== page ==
To Enforce a Loan Agreement Entered into with a Non-Incorporated Entity a Party Must Prove that the Non-Incorporated Entity is a De Facto Corporation

Andrew Braverman 

St. John's University School of Law

American Bankruptcy Institute Law Review Staff


In In re Maidan, the Eastern District of New York held that Joshua Maiden (“Plaintiff”) failed to demonstrate that Harrison Realty, the borrower in a loan agreement, was an incorporated entity or a de facto corporation at the time the agreement was executed.[i] As a result, the court found that Harrison Realty lacked the capacity to enter into an enforceable loan agreement and Plaintiff failed to put forth a viable claim against Harrison Realty.[ii]

On November 26, 2018, Plaintiff entered into a loan agreement with his father (“Debtor”) to cover the initial deposit for the purchase of real property.[iii] The loan was made on behalf of Harrison Realty, a non-incorporated entity established by the father.[iv] Pursuant to the loan agreement, Plaintiff would advance $81,500 to Harrison Realty on the condition that proceeds from the sale of the property would be set aside to cover repayment of the loan.[v] Following the execution of the loan agreement, the father filed for chapter 11 bankruptcy.[vi]

When the property sold, Plaintiff received $41,903.69, a $39,595.31 shortfall remained under the loan.[vii]Thereafter, Plaintiff commenced an action against his father’s bankruptcy estate to recover the shortfall.[viii] Plaintiff’s complaint asserted causes of action for declaratory judgment, breach of contract, and unjust enrichment.[ix] In response to the complaint, the Defendant filed a 12(b)(6) motion arguing that Plaintiff failed to state a viable claim since the complaint is predicated on a loan to Harrison Realty, “an entity that was not formed until four months after the purported loan was made and failed to adequately plead that Harrison Realty was a de facto corporation at the time of the loan transaction.”[x]

A corporation must be incorporated or qualify as a de facto corporation to enter into a valid loan agreement.[xi]An entity will qualify as a de facto corporation if there exists “(1) a law under which the corporation might be organized, (2) an attempt to organize the corporation and (3) an exercise of corporate powers thereafter.”[xii] “To be considered a de facto corporation, a business ‘must function as if it were a corporation and make substantial efforts to either incorporate or remedy any defects of incorporation upon their discovery.’”[xiii] In addition, courts in New York have “recognized a business as a de facto corporation in cases where the business inadvertently failed to meet the requirements of the law or was operating with the formalities of a corporation and was attempting to achieve legal status.”[xiv] Here, the Court found that Plaintiff failed to demonstrate that Harrison Realty was a de facto corporation at the time of the loan transaction.[xv] This is because Harrison Realty failed to make a “colorable attempt” to file Articles of Organization with the New York Department of State before the loan agreement was consummated and did not otherwise make any attempt to achieve legal status.[xvi] Under this rationale, the Court found that Plaintiff failed to prove that there was a substantial controversy between Plaintiff and Harrison Realty as to warrant the issuance of a declaratory judgment.[xvii]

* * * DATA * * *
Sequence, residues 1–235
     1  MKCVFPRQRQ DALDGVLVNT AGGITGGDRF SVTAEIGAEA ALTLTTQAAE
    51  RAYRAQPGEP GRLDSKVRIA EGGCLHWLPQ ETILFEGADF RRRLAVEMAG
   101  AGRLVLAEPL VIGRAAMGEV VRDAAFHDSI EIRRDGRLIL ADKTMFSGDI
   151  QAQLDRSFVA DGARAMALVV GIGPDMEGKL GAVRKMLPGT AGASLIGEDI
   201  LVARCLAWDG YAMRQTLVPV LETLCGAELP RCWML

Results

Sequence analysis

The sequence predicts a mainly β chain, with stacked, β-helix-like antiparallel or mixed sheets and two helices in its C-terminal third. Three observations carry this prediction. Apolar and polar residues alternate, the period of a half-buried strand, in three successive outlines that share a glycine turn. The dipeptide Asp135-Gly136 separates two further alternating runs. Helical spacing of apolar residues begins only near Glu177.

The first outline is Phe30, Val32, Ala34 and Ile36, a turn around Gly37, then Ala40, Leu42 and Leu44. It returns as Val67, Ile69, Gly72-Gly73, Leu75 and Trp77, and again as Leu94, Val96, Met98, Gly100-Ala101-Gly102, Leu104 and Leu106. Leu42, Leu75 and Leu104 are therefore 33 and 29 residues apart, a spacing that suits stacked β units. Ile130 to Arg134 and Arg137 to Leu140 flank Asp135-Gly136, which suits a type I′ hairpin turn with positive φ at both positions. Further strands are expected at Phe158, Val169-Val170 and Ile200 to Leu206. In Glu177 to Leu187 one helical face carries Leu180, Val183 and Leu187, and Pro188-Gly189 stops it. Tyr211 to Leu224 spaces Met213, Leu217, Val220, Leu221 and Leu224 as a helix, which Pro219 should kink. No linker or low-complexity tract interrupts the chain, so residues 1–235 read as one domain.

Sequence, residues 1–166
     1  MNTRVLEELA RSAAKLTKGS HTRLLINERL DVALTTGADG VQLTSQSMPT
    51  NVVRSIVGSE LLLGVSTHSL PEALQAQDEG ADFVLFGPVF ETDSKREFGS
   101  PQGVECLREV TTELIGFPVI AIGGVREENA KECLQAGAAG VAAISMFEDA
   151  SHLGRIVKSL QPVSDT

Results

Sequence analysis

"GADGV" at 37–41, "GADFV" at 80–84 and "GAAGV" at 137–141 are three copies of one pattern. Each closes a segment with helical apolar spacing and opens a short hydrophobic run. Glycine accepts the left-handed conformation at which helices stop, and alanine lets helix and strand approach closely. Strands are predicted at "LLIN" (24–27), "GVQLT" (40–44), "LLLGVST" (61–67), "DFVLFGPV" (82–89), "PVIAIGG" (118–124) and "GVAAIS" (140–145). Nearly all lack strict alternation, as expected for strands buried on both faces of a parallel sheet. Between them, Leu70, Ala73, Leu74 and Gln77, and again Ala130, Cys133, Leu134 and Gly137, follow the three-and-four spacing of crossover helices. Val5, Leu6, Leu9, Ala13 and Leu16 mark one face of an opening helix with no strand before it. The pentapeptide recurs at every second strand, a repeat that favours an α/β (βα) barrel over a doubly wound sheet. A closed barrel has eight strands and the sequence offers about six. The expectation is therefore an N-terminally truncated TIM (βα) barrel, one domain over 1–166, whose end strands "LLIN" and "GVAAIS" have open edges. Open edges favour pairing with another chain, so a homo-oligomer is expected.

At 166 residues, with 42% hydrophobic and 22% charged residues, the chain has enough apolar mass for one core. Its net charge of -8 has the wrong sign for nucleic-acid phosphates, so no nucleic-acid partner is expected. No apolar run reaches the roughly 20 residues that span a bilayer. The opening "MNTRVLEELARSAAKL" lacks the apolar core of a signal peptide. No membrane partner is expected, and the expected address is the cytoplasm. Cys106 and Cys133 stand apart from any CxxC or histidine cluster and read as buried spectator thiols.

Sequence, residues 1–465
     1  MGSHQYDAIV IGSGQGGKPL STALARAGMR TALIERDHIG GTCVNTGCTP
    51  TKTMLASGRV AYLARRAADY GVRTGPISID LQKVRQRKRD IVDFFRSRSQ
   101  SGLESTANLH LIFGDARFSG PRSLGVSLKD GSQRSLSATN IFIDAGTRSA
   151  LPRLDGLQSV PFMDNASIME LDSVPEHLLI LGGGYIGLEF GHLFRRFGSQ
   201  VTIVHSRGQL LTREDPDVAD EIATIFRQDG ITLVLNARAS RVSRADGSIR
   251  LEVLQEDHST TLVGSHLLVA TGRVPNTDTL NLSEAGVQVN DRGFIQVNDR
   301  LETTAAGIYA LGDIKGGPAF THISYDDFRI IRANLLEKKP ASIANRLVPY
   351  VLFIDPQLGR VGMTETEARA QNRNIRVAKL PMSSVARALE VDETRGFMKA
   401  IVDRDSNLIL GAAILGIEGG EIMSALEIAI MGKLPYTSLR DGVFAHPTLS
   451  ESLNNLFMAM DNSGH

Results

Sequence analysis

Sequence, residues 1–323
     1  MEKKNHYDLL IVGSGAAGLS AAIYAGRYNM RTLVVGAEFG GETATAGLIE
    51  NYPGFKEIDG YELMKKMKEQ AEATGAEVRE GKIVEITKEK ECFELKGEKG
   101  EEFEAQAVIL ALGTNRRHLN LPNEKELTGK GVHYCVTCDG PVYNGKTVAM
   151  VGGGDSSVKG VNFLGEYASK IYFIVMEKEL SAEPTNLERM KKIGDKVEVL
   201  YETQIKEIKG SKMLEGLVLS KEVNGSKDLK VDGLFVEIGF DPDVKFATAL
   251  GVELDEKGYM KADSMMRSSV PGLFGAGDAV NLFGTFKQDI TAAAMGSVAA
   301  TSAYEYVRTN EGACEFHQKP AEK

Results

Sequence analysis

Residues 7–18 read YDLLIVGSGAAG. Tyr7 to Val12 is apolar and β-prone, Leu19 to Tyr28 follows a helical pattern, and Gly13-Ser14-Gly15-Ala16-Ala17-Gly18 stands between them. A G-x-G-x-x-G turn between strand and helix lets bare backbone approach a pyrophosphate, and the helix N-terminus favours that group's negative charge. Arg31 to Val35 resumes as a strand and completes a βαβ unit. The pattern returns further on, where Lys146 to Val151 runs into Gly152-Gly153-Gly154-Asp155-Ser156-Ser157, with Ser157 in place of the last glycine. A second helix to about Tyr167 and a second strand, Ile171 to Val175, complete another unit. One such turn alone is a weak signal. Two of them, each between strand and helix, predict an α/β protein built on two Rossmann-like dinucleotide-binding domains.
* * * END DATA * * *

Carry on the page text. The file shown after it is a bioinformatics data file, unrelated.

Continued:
Moreover, in regard to the breach of contract and unjust enrichment claims, the Court found that “‘Under New York Law, a nonexistent corporation does not have the legal capacity to form a contract.’”[xviii] Therefore, because Harrison Realty was a non-incorporated entity and failed to qualify as a de facto corporation at the time the loan agreement was executed, Plaintiff was found to be incapable of asserting a viable claims for breach of contract and unjust enrichment. Accordingly, the Court dismissed the Plaintiff’s Complaint seeking the collection of a debt against an unincorporated entity. 

[i] In re Maidan, No. 8–19–77027–las, 2022 WL 4125034, at *19 (Bankr. E.D.N.Y. Sept. 9, 2022).

[ii] Id. at 18

[iii] Id. at 3.

[iv] Id.

[v] Id. at 4

[vi] See id.

[vii] Id. at 2. 

[viii] See id.

[ix] Id.

[x] Id. at 11.

[xi] Id. at 13 (citing Hwang v. Grace (in New York), No. 14-CV-7187, 2016 WL 1060247, at *8 (E.D.N.Y March 14, 2016).

[xii] Id.

[xiii] Id. (citing Gelfman Int’l Enters v. Miami Sun Int’l Corp., No. 05-CV-3826, 2009 WL 2242331, at *6 (E.D.N.Y. July 27, 2009).

[xiv] Id. (citing Gelfman Int’l Enters., 2009 WL 2242331, at *6).

[xv] Id. at 13. 

[xvi] Id

[xvii] Id. at 15. 

[xviii] Id. at 17 (quoting Gelfman Int’l Enters., 2009 WL 2242331, at *8).